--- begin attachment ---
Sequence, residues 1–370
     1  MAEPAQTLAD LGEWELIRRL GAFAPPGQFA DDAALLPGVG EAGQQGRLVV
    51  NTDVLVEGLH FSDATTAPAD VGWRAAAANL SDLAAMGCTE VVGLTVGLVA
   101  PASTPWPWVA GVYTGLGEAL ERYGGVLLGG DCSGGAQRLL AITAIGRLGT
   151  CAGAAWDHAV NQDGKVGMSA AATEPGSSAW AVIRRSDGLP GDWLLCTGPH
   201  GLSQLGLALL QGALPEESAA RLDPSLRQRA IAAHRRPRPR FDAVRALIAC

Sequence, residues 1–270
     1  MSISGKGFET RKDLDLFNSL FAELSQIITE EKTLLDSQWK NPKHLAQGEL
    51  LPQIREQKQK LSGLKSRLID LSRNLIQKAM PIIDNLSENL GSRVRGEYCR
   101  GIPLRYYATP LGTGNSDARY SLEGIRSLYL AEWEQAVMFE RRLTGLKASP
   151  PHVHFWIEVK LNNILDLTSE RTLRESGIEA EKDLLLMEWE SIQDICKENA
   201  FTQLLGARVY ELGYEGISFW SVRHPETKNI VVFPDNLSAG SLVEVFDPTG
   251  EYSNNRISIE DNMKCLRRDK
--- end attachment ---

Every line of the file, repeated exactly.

Sequence, residues 1–370
     1  MAEPAQTLAD LGEWELIRRL GAFAPPGQFA DDAALLPGVG EAGQQGRLVV
    51  NTDVLVEGLH FSDATTAPAD VGWRAAAANL SDLAAMGCTE VVGLTVGLVA
   101  PASTPWPWVA GVYTGLGEAL ERYGGVLLGG DCSGGAQRLL AITAIGRLGT
   151  CAGAAWDHAV NQDGKVGMSA AATEPGSSAW AVIRRSDGLP GDWLLCTGPH
   201  GLSQLGLALL QGALPEESAA RLDPSLRQRA IAAHRRPRPR FDAVRALIAC

Sequence, residues 1–270
     1  MSISGKGFET RKDLDLFNSL FAELSQIITE EKTLLDSQWK NPKHLAQGEL
    51  LPQIREQKQK LSGLKSRLID LSRNLIQKAM PIIDNLSENL GSRVRGEYCR
   101  GIPLRYYATP LGTGNSDARY SLEGIRSLYL AEWEQAVMFE RRLTGLKASP
   151  PHVHFWIEVK LNNILDLTSE RTLRESGIEA EKDLLLMEWE SIQDICKENA
   201  FTQLLGARVY ELGYEGISFW SVRHPETKNI VVFPDNLSAG SLVEVFDPTG
   251  EYSNNRISIE DNMKCLRRDK